Few trends have defined the past decade in clothing retail as much as fast fashion, and the European high street is currently a hotbed of competition. The purchasing power in this sector continues to defy the economic downturn – and all eyes are on the Spanish brands which are leading the way.
Their luscious prints, beautiful embroidery and sharp tailoring defy any downmarket connotations linked to the concept of high-street fashion.
Rising style titans
When two Spanish retailers, Mango and Zara, began to expand internationally in the 1990s, the fashion world barely raised an eyebrow. Zara is now considered one of the largest fashion retailers in the world in sales terms; its website cited 1,751 stores in 86 countries in spring 2013 and the brand continues to expand rapidly; as does Mango, which had 2,415 stores in 107 countries across the world in spring 2013.
Zara’s parent company Inditex has a retail portfolio of nine brands, including Massimo Dutti, Pull & Bear and Bershka. Massimo Dutti occupies a slightly higher price point than Zara, Bershka’s price point is slightly lower, and Pull & Bear ventures into different territory with an aspirational, cutting-edge, design-led aesthetic.
And then there’s Cortefiel, of the Spanish parent group of the same name. With 393 stores across 27 countries in Europe, Africa and South America, it shapes the wardrobes of men and women between the ages of 35 and 45 looking for eclectic but always accessible clothing. There is no corner of the international high street that Spain doesn’t have covered.
Zara, which is investing €100m in the expansion of its headquarters in Arteixo to house its design and sales team, has built its empire on a model that industry insiders refer to as the ‘Zara Way’ and is founded on logistics.
Zara and Mango are set apart from their non-Spanish contemporaries by large manufacturing bases in Spain, which mean trends can be translated from catwalk to shop floor in lightning quick time. The advantage of in-house production that involves no middleman is reflected in lead times; often just 14 days from the design of a garment to its arrival in the shops. Years ago this would have been inconceivable; lead times were three to six months and trends were translated at a much slower pace.
Today a garment inspired by a catwalk look during fashion week is often available to buy on the high street months before the original goes on sale.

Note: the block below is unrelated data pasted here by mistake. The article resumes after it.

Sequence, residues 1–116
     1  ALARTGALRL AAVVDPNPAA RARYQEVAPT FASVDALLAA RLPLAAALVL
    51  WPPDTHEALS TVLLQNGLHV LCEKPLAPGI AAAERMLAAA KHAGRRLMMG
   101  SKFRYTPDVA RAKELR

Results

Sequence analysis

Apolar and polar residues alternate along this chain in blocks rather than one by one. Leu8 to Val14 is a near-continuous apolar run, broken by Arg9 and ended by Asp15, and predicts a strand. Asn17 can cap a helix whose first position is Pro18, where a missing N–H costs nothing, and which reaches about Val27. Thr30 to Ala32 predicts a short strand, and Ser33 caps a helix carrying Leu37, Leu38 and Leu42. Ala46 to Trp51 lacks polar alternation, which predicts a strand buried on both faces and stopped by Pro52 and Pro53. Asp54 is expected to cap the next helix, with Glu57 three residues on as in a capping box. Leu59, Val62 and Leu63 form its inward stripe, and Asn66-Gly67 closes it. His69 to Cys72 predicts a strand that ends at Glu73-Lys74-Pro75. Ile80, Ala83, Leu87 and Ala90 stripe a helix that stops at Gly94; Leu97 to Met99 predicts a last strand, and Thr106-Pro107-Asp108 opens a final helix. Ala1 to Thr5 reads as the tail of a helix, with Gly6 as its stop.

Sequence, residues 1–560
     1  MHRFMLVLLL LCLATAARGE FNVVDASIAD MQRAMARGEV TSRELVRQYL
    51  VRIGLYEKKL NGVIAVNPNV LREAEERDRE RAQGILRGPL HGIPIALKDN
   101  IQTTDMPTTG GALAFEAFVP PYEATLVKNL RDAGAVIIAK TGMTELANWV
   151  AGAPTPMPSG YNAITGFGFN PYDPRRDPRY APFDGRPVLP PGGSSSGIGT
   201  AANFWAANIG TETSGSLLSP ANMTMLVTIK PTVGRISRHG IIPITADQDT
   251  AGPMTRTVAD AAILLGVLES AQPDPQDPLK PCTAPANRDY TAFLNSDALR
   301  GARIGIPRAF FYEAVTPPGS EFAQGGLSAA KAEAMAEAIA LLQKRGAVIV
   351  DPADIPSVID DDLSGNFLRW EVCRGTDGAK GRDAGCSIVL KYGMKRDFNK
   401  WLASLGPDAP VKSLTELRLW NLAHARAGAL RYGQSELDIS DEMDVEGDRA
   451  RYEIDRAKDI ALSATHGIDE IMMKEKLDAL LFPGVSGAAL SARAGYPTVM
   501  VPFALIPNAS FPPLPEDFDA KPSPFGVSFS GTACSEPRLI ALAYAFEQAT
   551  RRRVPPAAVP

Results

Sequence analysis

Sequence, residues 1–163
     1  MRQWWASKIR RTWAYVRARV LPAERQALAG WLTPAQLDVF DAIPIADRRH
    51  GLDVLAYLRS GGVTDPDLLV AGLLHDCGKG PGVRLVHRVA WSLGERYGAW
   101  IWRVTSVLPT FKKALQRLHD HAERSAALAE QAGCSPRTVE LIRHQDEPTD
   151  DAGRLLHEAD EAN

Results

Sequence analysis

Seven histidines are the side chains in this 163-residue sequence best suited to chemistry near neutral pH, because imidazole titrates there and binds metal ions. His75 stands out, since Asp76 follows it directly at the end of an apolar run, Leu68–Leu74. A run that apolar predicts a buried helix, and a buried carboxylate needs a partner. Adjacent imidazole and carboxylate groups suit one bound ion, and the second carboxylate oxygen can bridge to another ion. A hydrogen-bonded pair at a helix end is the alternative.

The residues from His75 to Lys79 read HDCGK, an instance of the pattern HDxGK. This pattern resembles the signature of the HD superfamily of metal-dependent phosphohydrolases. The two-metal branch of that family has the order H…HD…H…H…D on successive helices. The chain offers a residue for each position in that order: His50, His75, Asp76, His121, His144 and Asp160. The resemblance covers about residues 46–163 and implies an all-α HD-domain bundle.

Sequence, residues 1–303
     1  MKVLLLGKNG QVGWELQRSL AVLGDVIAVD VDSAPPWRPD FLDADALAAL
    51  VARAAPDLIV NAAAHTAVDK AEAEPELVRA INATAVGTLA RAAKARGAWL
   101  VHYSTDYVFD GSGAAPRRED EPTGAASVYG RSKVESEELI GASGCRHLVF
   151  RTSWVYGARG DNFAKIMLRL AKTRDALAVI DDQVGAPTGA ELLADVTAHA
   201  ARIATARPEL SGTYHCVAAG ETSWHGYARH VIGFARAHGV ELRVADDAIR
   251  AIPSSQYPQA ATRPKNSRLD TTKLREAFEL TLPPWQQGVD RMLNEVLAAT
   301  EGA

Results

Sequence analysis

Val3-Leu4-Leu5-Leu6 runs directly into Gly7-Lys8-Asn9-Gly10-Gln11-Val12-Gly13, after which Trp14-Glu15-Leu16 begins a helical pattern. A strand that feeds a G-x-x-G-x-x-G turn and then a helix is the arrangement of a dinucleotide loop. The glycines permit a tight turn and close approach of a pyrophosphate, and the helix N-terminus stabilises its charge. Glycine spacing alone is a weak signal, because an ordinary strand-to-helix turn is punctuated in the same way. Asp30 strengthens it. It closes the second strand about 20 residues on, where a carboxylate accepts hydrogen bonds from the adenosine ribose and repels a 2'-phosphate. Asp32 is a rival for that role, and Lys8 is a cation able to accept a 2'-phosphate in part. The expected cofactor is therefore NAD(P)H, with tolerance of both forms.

Strength in numbers
Last year Mango opened a Dynamic Distribution Centre in Barcelona. This 24,000-square-metre warehouse, the company explains, ‘specialises in the distribution of folded garments, goods which until now were managed from the central offices, thus leaving the central offices to specialise in hung garments’. This control over the production and distribution processes has supported the rapid ascent of Spain’s fashion brands – and employs tens of thousands of people.
There’s also the question of quality. For a long time, fast fashion was equated with inferior quality. But both Mango and Zara have altered this perception via trend-led pieces as well as quality basics that form the core of many fashion editors’ wardrobes.
As Joanna Shiers, fashion editor of international trend forecaster Stylus, explains: ‘Zara appeals because it has an affordable price point and a certain quality to it. It manages to give the illusion of exclusivity by limiting the numbers of each style stocked, so that if you don’t buy something when you see it, it is likely to be gone when you go back.’
Stylus assistant editor Lucy Williams, a Zara aficionado, adds that the brand ‘manages to emulate designer pieces and catwalk-led trends without being so copycat that it looks like a replica. Zara is its own covetable brand.’
It’s the ‘covetable’ quality that’s of note here. Mango regularly fronts its campaigns with big names such as Claudia Schiffer, Penélope Cruz and Elizabeth Jagger, while last year Kate Moss was photographed in a carefully edited capsule collection, enhancing the desirability of each individual piece.
Zara’s stores are minimally decorated, music-free ‘spaces’. The stores command the kind of fashion kudos usually reserved for cutting-edge concept stores, while reinforcing Zara’s position as what LVMH chairman Daniel Piette has referred to as ‘possibly the most innovative and devastating retailer in the world’.
Whether you’re wearing a slick, sharp, shift dress, a magenta trench coat or carrying an on-trend handbag from either of these two labels, you can be secure in the knowledge that you’re wearing a quality piece that will make you look impeccably stylish.